It's Tuesday. Glass of vino anyone? Kicking the mid-week wine habit for a better night's sleep

  • 9 Oct 2018
  • Reading time 4 mins
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Glass of wine

A soothing Malbec by a pub fire as the leaves turn red. Mulled wine with a Christmas mince pie. A cool glass of sauvignon on a summer’s evening. Wine is very much part of British life. In fact, a poll by the Wine and Spirit Trade Association (WSTA) shows it is now the favoured alcoholic drink for 60% of UK adults.

Why? Well apart from often tasting good, many people use it to relax. And sometimes that need for relaxation is felt more keenly mid-week.

If you are one of those people, who likes a mid-week tipple, it’s worth understanding how wine affects your sleep, for your short and long term health.

WHY wine makes you feel relaxed

Alcohol makes you relax. It promotes the release of the neurotransmitter GABA, the brain's peacemaker, which helps to turn off adrenalin production and calm you down. This is why that glass of wine makes you feel so sociable, relaxed, happy and less serious - at least for an hour, as your GABA level rises. But once that hour is up you will start to feel irritable and disconnected. At this point most people's solution is to have another drink, then another. The trouble is that after a session of drinking, GABA levels become very suppressed, leaving you grumpy and irritable.

How wine can affect sleep

If you go to sleep under the influence of alcohol, it disturbs the normal sleep cycle.

Most of us avoid becoming grumpy and irritable by going to sleep while still under the influence. Unfortunately, though, alcholol disturbs the normal cycle of dreaming, and it's dreaming that regenerates the mind. So, when you wake up in the morning, you're mentally tired, grumply and irritable becase of your low GABA, and dehydrated and sluggish because your body is still detoxifying the alchohol from the night before. 

The net consequence of regular alcohol consumption is GABA depletion, which leads to more adrenalin, anxiety and emotional over-sensitivity and poorer-quality sleep. One study found that men who drank more increased their risk of sleeping problems by 25per cent. And the less sleep you get, the more potent and dangerous are the effects of alcohol: it not only suppresses dreaming REM sleep but decreases the amount of deep sleep, which is when the beneficial growth hormone is released.

It’s worth thinking wider health implications. Researcher have recently suggested that drinking will shorten your life and suggestsevery extra wine glass over the daily recommended limit, will cut half an hour from the expected lifespan of a 40-year old!

A  TASTY, TART tipple which COULD help youR sleep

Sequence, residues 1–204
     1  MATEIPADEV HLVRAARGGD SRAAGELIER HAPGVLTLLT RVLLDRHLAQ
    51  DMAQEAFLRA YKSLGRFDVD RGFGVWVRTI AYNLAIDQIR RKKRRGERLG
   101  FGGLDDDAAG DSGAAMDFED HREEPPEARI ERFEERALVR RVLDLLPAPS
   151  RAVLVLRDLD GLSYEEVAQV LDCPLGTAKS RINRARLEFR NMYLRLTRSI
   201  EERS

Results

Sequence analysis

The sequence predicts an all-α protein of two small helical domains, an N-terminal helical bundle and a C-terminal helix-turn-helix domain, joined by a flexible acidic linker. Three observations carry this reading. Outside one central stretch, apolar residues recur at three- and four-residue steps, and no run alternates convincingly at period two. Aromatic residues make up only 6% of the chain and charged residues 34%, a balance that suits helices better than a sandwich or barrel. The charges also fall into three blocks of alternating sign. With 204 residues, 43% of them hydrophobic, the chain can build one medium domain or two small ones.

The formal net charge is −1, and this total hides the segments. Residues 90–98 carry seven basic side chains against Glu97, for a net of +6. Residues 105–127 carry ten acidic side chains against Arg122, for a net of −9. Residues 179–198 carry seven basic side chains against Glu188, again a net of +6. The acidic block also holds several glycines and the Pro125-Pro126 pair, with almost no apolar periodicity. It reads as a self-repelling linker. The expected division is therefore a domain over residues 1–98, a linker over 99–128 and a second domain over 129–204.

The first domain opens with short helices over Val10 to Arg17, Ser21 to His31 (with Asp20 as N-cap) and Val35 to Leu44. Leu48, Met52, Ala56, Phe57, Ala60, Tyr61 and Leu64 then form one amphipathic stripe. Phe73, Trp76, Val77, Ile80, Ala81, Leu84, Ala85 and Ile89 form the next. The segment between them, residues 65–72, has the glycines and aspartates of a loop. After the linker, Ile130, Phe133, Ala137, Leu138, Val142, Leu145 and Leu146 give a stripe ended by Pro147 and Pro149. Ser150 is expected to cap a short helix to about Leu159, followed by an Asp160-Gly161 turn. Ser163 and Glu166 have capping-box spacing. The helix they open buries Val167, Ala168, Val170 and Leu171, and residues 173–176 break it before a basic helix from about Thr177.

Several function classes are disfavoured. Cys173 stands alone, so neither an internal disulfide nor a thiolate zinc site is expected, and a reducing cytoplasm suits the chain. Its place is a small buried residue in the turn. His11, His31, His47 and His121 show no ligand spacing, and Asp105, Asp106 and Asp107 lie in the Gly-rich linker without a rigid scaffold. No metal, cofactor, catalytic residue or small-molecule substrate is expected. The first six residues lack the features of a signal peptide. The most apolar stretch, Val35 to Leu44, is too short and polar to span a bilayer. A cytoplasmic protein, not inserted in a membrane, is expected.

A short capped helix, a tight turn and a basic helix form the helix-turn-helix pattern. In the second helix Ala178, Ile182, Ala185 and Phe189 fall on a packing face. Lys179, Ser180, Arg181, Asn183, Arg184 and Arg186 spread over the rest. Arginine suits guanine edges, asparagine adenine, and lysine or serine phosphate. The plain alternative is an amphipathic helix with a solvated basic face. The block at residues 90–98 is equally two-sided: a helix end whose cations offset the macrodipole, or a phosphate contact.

The main sleep hormone is melatonin, which your body makes from another hormone, serotonin. Natural sources of melatonin include cherries, in particular the form of the juice concentrate Cherry Active. 

Cherries

A daily shot of cherry juice can help you to nod off more easily. The tart Montmorency cherries in CherryActive contain a natural source of melatonin, the hormone needed for restful sleep – and studies have shown that other chemical compounds found in Montmorency cherry juice contribute to restful sleep as well.

A 2010 study carried out by the School of Life Sciences at Northumbria University found that Montmorency cherry juice increases levels of melatonin in the body. Volunteers drank 30ml of either Montmorency cherry juice concentrate or a placebo juice twice a day for seven days. Participants wore sensors that monitored their sleep-wake cycles and kept a daily diary on their sleeping patterns. Those who had the cherry juice saw an increase of 25 minutes in their total sleep time and a six per cent increase in sleep quality.

A 2014 study carried out by Louisiana State University in the US found that for older people with insomnia drinking Montmorency tart cherry juice twice a day for two weeks helped increase sleep time by nearly 90 minutes.

As well as the high melatonin content in Montomorency cherries, they believe the sleep benefits also stem from the ruby red pigments in tart cherry juice, known as proanthocyanidins. The research team believe it's the unique combination of melatonin and tryptophan in Montmorency tart cherries that is likely contributing to the sleep benefits.

Cherry Active is widely available, and because of its amazing health qualities it can also be found as one of the ‘great products selected by me’ on the HOLFORDirect website. 

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